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Developing Your Website

The developer is on board with your vision.
The graphic artist is ready to go.
The tech guy is ready to write your website’s code.

But…there are other elements to remember when developing your website. When business owners contemplate launching (or re-launching) their online brand, they worry over a basic list of things: the right domain name, the look of the website, and the pages they need. But most business owners don’t realize they need to think about some other critical elements that can have a huge impact on their online presence.

For each website implementation, there are 4 key elements you need to work on – the look, the usability, search engine optimization and arguably one of the most important – what you’re going to say. The web developer, graphic designer and coder can help with most of these, but content is always the responsibility of the business owner.

  1. Website Look – Putting Your Brand Online

    While your site must convey your brand’s look and feel, you’ll need to think about how your site actually appears to visitors: the use of colors, fonts, logos, the page layout, backgrounds, photos and graphics. Choosing the right look for a website is critical: it needs to reflect your brand while also making sense. Site owners need to think carefully about the physical appearance: how many columns or boxes? Sidebars? Will you need space for various plug-ins (a recent tweets box, for example, or a signup form), or featured photos? Do you need an e-commerce site? These are just a few of the factors a web designer will need to understand when tackling your website.

  1. Website Usability – Make Your Site Work For Your Customers

    How does the site actually work? Consider how your targeted visitors will use your site. You’ll need to spend time thinking about how they will navigate around. Does it make sense? Is it simple to move around and find what they need? Is it easy to see and read everything? Usability also refers to the technical behavior of your website – in addition to how your navigation functions, this takes into account what happens when someone fills out a form, presses a LIKE button, or views the site on a mobile device.

  1. SEO – See Your Site In Search Results

    Search Engine Optimization (SEO) is a moving target. Companies like Google, Yahoo and others are constantly changing and rebalancing their ranking criteria, largely behind closed doors. Nonetheless, SEO is one of the four critical components of a successful website launch. There are technical SEO actions that can be taken (for example, improving the quality of sites linking to your content, shortening the loading times of your site, and buying your domain name for longer periods of time) and there are also plenty of content-related SEO things you can do. For example, select appropriate keywords but don’t overuse them, ensure constant website updates and create keyword-rich permalinks. For example, use ww.example.com/winter-planting instead of www.example.com/164jgj5334aO).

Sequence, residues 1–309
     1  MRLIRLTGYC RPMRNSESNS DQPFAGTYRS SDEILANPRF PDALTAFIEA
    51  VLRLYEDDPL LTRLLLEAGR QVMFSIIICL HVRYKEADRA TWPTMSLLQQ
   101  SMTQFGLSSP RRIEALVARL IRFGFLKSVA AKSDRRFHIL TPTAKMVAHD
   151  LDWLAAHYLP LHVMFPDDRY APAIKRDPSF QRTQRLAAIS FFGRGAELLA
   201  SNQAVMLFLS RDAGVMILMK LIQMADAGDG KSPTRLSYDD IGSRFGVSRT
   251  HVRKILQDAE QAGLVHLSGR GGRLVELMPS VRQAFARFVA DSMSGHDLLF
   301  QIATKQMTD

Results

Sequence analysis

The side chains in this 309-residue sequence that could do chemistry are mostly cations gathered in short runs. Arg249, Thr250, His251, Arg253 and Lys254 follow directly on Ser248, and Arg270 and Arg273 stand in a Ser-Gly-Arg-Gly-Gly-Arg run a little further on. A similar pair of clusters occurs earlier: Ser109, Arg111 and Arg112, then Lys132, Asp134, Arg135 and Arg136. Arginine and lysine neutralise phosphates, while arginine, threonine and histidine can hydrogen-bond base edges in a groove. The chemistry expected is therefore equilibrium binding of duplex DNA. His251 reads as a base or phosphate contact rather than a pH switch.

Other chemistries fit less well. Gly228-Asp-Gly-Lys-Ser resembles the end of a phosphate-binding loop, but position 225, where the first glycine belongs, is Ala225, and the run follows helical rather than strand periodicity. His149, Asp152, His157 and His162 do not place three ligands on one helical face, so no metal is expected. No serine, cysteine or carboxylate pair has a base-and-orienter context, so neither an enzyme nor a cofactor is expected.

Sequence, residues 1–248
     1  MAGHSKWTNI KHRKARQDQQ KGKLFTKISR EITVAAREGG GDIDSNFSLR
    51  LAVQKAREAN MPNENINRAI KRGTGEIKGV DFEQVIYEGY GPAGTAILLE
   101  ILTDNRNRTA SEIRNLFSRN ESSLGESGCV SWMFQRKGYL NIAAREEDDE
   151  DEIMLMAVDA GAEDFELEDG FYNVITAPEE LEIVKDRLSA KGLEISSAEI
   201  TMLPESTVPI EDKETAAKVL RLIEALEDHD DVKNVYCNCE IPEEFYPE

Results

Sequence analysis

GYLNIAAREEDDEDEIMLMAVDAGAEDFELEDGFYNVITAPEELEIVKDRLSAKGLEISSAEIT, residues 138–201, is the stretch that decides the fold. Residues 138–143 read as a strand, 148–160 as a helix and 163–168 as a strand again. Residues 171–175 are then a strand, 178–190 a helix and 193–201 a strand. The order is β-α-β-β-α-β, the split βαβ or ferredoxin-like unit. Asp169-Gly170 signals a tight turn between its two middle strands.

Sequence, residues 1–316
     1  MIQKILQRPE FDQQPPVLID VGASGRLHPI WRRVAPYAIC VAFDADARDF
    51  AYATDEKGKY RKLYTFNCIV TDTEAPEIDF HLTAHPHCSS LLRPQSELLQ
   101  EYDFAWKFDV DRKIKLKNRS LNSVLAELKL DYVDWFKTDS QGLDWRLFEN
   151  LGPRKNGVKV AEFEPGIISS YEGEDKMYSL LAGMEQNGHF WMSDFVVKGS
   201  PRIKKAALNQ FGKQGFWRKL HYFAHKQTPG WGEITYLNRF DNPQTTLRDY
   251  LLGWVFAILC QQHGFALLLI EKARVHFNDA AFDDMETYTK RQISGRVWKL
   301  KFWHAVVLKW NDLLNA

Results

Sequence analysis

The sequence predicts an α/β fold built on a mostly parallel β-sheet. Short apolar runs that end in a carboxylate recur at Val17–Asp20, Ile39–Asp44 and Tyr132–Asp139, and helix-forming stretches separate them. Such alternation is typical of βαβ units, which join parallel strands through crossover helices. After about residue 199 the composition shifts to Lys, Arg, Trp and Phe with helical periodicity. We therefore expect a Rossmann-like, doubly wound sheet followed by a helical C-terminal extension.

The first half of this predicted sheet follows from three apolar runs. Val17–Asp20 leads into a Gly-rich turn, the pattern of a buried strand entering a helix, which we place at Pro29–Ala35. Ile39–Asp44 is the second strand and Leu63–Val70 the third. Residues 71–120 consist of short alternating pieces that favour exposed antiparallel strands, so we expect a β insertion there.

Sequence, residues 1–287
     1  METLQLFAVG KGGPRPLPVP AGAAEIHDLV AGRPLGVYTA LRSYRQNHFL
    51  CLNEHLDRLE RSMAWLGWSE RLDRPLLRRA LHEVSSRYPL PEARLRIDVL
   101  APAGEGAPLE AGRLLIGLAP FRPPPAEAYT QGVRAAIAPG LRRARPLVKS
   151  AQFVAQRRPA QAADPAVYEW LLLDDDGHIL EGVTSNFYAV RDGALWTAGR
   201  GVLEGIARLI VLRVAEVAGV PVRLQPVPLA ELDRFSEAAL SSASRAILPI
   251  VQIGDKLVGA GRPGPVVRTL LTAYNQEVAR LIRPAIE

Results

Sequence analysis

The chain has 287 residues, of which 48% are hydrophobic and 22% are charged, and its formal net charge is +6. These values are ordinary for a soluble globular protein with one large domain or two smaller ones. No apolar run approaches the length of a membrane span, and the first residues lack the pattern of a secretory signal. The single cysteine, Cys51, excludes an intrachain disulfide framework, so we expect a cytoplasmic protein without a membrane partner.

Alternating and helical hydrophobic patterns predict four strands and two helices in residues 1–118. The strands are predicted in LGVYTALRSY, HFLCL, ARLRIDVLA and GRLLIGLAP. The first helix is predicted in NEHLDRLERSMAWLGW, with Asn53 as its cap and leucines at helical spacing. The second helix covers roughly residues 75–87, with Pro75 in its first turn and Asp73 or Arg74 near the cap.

1. Website Content – Attracting and Engaging Your Customers and Prospects

    Content is what convinces your customers to buy from you. But…what are you going to say on your website? Can you really write the words that will bring in sales? Business owners typically don’t remember that they are the ones responsible for the website content. But this is one of the most important elements of a company’s online presence.

Here is some of what you’ll need to know when creating content for your website. Think carefully about how you write your site’s content. Are you speaking to your customers in their language?  Ask yourself is my material relevant and focused on my target audience? Content is what your visitors want; they want to know how your services or products can solve their problems. They want to know about your company. Information is why they are visiting your site. The best-looking and performing website is worthless if you fail to deliver the content your customers want when they visit.

But content is important beyond your customers…it’s also a major component of SEO. Google expects fresh content regularly. It also reads your material to understand your website’s subject matter and industry. For example, if you are consistently posting content about hardy cold-weather vegetables on your automotive repair company website, Google may not rank your business as highly as you’d like in your desired automotive categories. Keep it relevant to your business. And for goodness sake – start a gardening blog!

A successful website needs to balance all four of these elements equally. A text-only site with poor graphics or a site with no navigation, broken links or performance-related issues is just as weak as a beautiful site which doesn’t explain how you help customers – these sites leave the customer unengaged and uninterested in converting to customer status!

When putting your website together, what was the most difficult part for you?